Guest Columns: Three Books You Need To Read By Craving’s Leonid Rubinstein

Sci-fi adventures await you, my friends

Leonid Rubenstein, shot by Eye of MetalLeonid Rubenstein, shot by Eye of Metal

Leonid Rubenstein, shot by Eye of Metal

In our undying efforts to bring you engaging columns you won’t find anywhere else, we’ve reached out to the metal world seeking submissions for a new subject: Three amazing books you have to pick up and devour.

Seeing as you read this blog everyday, we went out on a limb and assumed you’d maybe want to get some decent book suggestions from some of your favorite bands, too. So today, we continue this series on rad, must-reads with an entry written by Craving’s Leonid Rubinstein.

“Hitchhiker’s Guide To The Galaxy” by Douglas Adams
Really, one should not die before having read this book. The sheer number of cross references in modern media alone is worth it, but of course the hilarious story and the clever writing style are also more than entertaining.

And between those crazy and on-first-glance often nonsensical lines, one can find deep philosophy to think about.

“Galaxy Tunes” by Rob Reid
Imagine, our music is so awesome all the universe wants to listen to it. Def Leppard and Black Sabbath spread throughout space, until the aliens discover a little problem: Our copyright law, that makes them literally owe us — everything!

How to overcome this problem without blowing up the Earth? That’s one issue lawyer Nick Carter (no, NOT that Backstreet Boys guy) has to deal with.

Sounds crazy? Is crazy. And one of the most hilarious books I ever read. I think everyone can draw joy from this one, but especially if you are a metalhead, you will get some puns that others may not — just look out for Özzy, the heaviest metal in the universe.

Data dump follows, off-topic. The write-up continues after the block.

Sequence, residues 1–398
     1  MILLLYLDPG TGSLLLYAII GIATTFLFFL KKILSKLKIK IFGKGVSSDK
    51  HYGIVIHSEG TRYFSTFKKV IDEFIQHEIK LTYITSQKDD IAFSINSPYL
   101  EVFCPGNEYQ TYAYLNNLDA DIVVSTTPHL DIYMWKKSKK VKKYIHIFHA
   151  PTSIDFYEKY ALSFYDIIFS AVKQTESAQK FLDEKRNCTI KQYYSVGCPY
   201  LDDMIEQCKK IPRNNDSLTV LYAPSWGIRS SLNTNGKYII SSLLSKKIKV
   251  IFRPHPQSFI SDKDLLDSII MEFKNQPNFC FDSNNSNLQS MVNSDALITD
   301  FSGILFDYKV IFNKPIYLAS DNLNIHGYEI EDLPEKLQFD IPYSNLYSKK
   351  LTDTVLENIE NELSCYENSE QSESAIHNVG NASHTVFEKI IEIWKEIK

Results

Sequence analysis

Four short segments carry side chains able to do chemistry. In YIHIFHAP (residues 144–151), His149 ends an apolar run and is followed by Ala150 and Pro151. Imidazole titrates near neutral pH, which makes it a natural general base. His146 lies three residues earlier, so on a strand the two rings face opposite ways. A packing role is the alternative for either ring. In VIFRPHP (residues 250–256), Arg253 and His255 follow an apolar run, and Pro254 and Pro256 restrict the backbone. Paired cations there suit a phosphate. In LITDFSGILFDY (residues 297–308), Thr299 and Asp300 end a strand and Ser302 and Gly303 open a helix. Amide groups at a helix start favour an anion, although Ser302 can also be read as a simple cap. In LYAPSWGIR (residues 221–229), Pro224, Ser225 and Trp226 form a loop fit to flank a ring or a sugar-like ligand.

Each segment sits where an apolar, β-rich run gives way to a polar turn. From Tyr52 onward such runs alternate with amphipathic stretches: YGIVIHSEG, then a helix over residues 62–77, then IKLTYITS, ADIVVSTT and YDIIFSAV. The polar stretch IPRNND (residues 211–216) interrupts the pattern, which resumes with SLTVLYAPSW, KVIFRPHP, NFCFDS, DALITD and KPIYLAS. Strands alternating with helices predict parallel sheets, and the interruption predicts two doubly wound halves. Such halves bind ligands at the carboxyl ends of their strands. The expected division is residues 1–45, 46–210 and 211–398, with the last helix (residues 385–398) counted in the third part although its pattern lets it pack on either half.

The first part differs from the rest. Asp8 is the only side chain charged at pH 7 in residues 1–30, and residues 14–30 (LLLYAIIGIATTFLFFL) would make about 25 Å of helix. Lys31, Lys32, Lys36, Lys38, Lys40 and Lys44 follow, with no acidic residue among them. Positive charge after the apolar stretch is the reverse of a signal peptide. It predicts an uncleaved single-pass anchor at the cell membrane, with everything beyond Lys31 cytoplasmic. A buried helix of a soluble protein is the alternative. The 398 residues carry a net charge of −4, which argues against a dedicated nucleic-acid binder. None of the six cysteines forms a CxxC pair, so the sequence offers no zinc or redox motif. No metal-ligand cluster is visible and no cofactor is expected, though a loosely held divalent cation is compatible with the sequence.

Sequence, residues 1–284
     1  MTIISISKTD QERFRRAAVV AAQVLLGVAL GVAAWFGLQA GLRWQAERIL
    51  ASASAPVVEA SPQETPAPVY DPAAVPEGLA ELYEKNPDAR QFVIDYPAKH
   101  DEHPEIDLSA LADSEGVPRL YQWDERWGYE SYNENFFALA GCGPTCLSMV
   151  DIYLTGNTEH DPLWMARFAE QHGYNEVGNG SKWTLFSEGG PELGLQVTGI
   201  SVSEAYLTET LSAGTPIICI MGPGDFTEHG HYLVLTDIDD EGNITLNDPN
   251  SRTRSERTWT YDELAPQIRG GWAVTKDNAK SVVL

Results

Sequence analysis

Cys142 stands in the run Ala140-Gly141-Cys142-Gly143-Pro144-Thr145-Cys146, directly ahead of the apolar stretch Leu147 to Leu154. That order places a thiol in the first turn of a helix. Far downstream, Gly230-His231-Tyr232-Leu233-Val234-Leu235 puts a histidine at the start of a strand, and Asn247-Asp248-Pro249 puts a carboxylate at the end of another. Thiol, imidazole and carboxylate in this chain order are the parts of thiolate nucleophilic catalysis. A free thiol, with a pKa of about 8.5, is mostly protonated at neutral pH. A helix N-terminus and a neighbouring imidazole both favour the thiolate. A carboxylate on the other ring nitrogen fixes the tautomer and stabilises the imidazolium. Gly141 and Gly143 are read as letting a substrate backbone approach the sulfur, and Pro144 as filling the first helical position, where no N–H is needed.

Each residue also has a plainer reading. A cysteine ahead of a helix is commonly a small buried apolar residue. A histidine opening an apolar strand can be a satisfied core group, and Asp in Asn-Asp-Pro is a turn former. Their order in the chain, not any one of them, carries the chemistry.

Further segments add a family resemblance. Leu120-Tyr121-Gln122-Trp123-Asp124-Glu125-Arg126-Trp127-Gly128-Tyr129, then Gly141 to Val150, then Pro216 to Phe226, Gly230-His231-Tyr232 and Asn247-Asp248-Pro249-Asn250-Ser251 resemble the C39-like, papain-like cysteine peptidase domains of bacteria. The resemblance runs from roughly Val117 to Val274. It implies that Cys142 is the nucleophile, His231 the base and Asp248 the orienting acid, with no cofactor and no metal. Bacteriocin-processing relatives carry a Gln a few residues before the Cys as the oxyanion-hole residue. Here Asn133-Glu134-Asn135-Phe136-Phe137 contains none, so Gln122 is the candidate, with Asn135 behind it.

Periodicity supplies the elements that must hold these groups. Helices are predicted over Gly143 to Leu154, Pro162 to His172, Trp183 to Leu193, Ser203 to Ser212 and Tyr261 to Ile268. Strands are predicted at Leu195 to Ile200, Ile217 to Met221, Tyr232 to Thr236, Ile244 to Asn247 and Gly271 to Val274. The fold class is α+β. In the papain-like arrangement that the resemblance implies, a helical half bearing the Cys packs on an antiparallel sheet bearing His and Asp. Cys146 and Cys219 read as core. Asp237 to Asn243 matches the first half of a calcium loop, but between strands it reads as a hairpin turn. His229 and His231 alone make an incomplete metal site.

“Metro 2033” by Dmitry Glukhovsky
After the nuclear war, most of earth’s population is deceased, and the whole world is a radioactive wasteland. Little sparks of life, however, survived: In the metro stations of Moscow, a new civilization of survivors fights to survive.

The book works well on so many levels — on one side, you have an incredible conglomeration of lifestyles and opinion that you can get to know following main character Artjom on his journey through the underground; every new station can keep new surprises; communists, racists, military and so much more. The sheer display of interesting characters makes this book worth buying.

But the thing that really makes this one stand out is the dark and suffocative atmosphere one gets drown into deeper and deeper as Artjom leaves the safe Metro stations and heads through dark and dangerous tunnels. Sadly, the author didn’t manage to transport this atmosphere into the sophomore “Metro 2034” but “Metro 2033” is one of the best fantasy/horror/sci-fi novels out there.

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